With Hong Kong’s exodus, how are companies hiring and retaining talent?

With Hong Kong’s exodus, how are companies hiring and retaining talent?
Workers wear personal protective equipment (PPE) at a coronavirus disease (COVID-19) isolation facility in Tsing Yi, during the COVID-19 pandemic in Hong Kong, China, March 8, 2022. REUTERS/Tyrone Siu

So, we mentioned that a lot of people are leaving Hong Kong. This outflow stream has been, well, flowing since the pandemic started, but it’s really picked up recently. The population declined 1.2% year over year to 7.39 million in mid-2021. But last week, nearly 23,000 people left, which is 4.4% higher than the previous week.

Now, just to clarify, this isn’t to say that these people won’t come back … They’ll just have to fly from a country that isn’t on the flight ban list and quarantine in a hotel without open windows for a few weeks.

Hong Kong has always had a slight talent shortage, but the pandemic has exacerbated the crunch. JP Morgan, for example, lost one of its most senior APAC equities bankers, Ryan Holsheimer, in late February, and people are saying it’s because of Hong Kong’s COVID rules. The bank has apparently lost 20 managing director-level people in the city in the past year.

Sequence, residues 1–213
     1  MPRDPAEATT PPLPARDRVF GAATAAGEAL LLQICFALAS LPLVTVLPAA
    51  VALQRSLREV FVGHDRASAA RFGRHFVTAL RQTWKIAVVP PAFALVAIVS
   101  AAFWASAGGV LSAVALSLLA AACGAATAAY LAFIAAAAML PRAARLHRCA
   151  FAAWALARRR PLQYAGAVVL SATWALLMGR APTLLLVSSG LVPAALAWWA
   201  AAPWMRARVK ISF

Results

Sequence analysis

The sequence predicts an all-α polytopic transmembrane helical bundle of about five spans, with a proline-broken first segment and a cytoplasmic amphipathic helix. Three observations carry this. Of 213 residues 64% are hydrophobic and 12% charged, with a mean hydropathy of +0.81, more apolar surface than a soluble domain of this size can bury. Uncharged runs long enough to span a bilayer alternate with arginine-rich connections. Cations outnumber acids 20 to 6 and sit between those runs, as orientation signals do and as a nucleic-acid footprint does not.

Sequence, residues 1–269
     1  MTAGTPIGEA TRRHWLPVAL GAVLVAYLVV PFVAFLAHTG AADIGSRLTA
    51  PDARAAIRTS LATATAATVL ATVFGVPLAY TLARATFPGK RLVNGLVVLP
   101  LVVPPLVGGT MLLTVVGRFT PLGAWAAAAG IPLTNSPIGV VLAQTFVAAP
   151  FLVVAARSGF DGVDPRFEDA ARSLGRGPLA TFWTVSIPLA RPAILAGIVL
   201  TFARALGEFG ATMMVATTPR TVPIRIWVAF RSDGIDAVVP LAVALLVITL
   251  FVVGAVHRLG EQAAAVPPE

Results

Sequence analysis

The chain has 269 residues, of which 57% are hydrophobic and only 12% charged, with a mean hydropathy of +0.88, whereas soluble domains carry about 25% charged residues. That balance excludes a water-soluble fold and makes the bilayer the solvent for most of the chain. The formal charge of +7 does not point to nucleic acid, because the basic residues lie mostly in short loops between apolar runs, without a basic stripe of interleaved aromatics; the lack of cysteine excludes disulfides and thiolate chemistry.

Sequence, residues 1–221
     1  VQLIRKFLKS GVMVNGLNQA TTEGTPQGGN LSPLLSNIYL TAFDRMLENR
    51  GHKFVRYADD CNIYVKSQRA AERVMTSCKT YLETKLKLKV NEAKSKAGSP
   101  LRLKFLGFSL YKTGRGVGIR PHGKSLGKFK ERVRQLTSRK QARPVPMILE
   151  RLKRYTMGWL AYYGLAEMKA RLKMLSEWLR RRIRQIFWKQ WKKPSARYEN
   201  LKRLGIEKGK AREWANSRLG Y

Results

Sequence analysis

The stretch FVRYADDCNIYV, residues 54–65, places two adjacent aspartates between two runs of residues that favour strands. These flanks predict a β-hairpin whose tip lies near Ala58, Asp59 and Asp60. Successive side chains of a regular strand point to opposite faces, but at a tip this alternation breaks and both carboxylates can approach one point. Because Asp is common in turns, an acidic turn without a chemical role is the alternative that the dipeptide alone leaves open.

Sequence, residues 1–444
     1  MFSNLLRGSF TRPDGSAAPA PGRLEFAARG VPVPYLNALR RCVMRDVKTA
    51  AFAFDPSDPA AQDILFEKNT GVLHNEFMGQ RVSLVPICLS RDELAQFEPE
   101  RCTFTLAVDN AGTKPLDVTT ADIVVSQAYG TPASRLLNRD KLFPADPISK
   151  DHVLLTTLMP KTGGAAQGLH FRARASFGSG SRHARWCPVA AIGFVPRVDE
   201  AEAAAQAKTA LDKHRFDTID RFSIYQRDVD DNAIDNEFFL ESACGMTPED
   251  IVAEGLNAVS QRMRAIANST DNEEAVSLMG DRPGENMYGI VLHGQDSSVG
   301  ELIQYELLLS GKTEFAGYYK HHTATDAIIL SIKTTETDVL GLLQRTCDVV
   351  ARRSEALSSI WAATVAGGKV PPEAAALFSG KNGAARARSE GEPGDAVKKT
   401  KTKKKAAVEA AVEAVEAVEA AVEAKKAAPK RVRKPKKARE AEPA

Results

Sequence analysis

“The attraction and retention of talent will therefore be a major priority for banks," said Paul McSheaffrey, partner for KPMG’s Financial Services in China.

So, in terms of what companies are doing to hire and retain talent since last year, some of the biggest banking names have been offering US$5,000 to pay for the hotel fees of people flying back to Hong Kong and having to quarantine.

Companies are also moving talent to Singapore – a major one being Bank of America.

Tara Joseph, president of the American Chamber of Commerce in Hong Kong, said, “Many in the industry also expect that eventually many jobs in the sector will be taken up by mainland Chinese talent, leading to a big talent shift."

Some are saying this situation is temporary, and Hong Kong Banking Association chairperson Mary Huen Wai-yi said that, in the interim, members of the association (over 150 banks) are looking at stopgap solutions, including upskilling existing staff.

But in the situation that it’s not temporary, the cost of hiring expatriate employees is likely to increase significantly, said an Oxford Metrica report.

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